PARIS -- What killed the emperor? Arsenic, say some, and on Friday they put forth a new piece of scientific evidence to convince doubters that Napoleon Bonaparte was the victim of a slow, calculated murder by poison.
According to officials of the Forensic Institute of Strasbourg, tests on five separate samples of Napoleon's hair confirm "major exposure to arsenic."
The results of the tests were presented at a news conference featuring one of the leading proponents of the poison theory, Ben Weider, a Canadian author of six books on the emperor and president of the International Napoleon Society.
He claims that Napoleon was the victim of a British and French conspiracy and was done away with at the hands of his friend Count Charles de Montholon.
Bertrand Ludes, director of the Strasbourg institute, said tests on the locks of hair confirmed "chronic long-term poisoning by arsenic."
He and Pascal Kintz, an institute toxicologist, said they analyzed, and dismissed, the possibility that the arsenic contamination came from other sources - as detractors of the murder theory claim - such as seafood. Both men have served as expert witnesses at trials, including doping trials.
Napoleon, born in Corsica, died at age 52 on May 5, 1821, on the island of St. Helena, where he had been banished after his defeat at Waterloo.
Officially, he died of stomach cancer.
Weider disagrees, fervently. A year ago, he presented journalists here with evidence of his claims, boosting them Friday with the findings from the Strasbourg Institute.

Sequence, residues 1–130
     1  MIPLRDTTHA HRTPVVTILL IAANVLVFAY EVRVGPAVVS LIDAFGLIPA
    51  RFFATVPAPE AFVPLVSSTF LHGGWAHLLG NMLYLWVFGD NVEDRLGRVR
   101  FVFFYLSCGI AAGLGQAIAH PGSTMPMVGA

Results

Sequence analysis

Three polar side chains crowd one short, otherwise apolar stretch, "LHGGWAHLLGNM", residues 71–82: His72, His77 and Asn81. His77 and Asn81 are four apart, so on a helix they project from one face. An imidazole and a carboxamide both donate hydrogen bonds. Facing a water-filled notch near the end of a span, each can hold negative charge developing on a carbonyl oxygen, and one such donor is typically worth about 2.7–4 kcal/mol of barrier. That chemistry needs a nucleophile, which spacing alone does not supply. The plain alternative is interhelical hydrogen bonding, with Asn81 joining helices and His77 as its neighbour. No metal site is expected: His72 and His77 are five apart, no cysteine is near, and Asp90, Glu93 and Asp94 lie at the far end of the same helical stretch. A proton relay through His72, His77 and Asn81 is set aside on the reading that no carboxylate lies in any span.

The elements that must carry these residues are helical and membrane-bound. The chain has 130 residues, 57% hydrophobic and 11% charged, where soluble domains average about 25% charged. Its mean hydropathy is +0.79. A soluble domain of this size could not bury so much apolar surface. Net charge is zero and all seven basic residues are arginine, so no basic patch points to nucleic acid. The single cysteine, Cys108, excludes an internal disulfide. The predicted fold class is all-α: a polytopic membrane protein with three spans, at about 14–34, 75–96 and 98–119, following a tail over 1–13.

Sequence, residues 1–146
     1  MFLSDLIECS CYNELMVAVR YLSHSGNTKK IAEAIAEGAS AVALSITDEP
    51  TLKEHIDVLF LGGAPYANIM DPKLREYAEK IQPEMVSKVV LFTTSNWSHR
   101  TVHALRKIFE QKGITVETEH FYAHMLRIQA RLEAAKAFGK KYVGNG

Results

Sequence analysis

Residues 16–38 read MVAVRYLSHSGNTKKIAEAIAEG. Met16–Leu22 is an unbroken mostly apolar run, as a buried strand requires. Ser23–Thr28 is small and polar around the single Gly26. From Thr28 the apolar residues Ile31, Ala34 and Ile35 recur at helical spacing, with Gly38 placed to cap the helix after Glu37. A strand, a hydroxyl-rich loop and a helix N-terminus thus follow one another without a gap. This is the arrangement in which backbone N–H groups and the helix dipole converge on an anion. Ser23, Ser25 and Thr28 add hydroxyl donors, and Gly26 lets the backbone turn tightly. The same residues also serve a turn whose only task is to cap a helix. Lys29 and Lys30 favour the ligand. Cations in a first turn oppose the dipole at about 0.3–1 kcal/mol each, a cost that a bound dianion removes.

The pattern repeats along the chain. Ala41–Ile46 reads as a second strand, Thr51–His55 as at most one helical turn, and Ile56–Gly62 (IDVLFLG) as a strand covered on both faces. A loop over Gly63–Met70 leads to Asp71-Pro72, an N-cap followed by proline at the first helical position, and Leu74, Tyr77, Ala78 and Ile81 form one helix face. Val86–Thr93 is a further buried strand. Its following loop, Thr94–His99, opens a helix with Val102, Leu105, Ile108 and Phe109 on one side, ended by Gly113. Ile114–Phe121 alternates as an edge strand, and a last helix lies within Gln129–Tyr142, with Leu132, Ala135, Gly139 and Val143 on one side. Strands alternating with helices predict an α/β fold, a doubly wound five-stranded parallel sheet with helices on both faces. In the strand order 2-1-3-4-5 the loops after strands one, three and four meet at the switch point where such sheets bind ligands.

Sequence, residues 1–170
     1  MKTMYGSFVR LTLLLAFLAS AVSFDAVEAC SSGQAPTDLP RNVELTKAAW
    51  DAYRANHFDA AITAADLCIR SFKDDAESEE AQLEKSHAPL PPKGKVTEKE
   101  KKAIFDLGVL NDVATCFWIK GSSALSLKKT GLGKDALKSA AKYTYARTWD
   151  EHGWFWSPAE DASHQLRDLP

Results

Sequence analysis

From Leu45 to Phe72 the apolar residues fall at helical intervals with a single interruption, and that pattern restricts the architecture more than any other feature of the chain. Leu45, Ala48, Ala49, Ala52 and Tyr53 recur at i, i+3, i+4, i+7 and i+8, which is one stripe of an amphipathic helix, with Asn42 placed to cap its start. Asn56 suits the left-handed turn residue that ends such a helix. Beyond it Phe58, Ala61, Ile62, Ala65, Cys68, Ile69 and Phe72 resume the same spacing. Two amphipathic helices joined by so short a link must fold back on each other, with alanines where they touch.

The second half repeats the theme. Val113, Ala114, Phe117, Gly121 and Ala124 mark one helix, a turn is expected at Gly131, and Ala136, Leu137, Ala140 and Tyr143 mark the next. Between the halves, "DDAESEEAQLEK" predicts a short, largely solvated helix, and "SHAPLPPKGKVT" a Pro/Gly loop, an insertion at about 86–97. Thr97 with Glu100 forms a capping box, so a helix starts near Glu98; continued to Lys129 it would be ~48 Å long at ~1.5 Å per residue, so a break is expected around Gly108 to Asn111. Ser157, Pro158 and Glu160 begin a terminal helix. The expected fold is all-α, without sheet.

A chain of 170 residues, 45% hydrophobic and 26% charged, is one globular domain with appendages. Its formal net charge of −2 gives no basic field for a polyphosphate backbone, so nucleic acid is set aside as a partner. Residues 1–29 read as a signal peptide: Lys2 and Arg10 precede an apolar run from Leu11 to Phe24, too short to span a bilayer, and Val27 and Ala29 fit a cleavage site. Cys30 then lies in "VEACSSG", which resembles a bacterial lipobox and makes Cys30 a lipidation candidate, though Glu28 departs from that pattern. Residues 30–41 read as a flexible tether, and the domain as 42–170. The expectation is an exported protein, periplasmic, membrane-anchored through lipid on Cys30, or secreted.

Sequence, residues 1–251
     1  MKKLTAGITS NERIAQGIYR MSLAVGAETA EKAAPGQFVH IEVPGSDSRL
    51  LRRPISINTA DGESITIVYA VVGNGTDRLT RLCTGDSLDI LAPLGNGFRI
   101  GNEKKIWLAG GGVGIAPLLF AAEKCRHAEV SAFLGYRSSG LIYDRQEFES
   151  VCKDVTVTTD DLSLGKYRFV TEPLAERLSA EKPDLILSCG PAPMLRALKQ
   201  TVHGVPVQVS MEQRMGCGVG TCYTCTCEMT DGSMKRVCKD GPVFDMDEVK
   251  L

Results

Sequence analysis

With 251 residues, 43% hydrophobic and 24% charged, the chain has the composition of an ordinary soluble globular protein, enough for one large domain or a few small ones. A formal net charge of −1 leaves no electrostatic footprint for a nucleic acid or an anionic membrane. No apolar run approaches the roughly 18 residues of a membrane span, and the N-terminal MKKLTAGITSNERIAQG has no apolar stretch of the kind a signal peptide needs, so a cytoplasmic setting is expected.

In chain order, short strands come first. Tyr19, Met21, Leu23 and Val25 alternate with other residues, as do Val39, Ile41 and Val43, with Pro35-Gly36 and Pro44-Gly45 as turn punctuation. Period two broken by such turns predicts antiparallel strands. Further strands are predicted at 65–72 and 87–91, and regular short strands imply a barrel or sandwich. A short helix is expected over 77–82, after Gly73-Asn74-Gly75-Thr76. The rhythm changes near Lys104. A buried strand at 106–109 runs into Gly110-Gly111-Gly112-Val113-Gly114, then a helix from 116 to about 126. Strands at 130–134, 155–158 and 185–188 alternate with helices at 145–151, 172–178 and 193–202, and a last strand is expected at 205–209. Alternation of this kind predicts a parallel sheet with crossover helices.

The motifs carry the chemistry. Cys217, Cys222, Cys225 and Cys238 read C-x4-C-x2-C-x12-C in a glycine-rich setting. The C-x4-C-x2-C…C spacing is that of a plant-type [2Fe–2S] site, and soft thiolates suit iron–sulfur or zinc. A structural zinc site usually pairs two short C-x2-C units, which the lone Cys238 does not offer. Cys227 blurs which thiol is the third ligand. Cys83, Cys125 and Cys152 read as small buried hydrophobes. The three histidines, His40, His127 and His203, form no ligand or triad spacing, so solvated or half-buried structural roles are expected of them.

"It's proven that it was not cancer. The poisoning was proven through the high levels of arsenic in his hair," Weider said in an interview with Associated Press Television News.
"You have eyewitnesses who saw what was going on," he added. "Then you have nuclear science today confirming what they saw from 1816 to 1821."
The Strasbourg institute found levels of arsenic ranging from seven to 38 nanograms per milligram of hair. One nanogram per milligram is at the high end of an acceptable level of arsenic, the experts said.
Conspiracy theories took on new credibility in 1995 after the FBI and Britain's Scotland Yard discovered that clippings of Napoleon's hair were tinged with poison.
The hair used in the latest tests was gathered from different sources, including one used by the FBI, as a way to assure accuracy. However, Weider's group said it had not, for lack of means, been able to perform DNA tests on the locks that would assure they belonged to Napoleon.
Weider's theory is that the British and the French wanted to ensure Napoleon would not make another comeback, as the former emperor had done after his exile on the island of Elba.
Weider co-wrote the 1982 book "The Murder of Napoleon," which catapulted the arsenic theory into academic circles. In the book, he claims that the Count of Montholon, a close friend who owed a favor to the future Charles X, went to St. Helena specifically to carry out the slow, systematic murder.
However, Montholon and his counterpart Hudson Lowe also acted on behalf of Britain's Minister of the Colonies Lord Bathurst, Weider maintains, painting a scenario in which the British and French at last had a shared interest - Napoleon's death.
"The Bourbons were very, very concerned that Napoleon might return after ... his exile and retake the throne because he had done that before," Weider said.
"And as far as the British are concerned, they wanted the Bourbons to remain on the throne because it was easier to manipulate them. They couldn't manipulate Napoleon."
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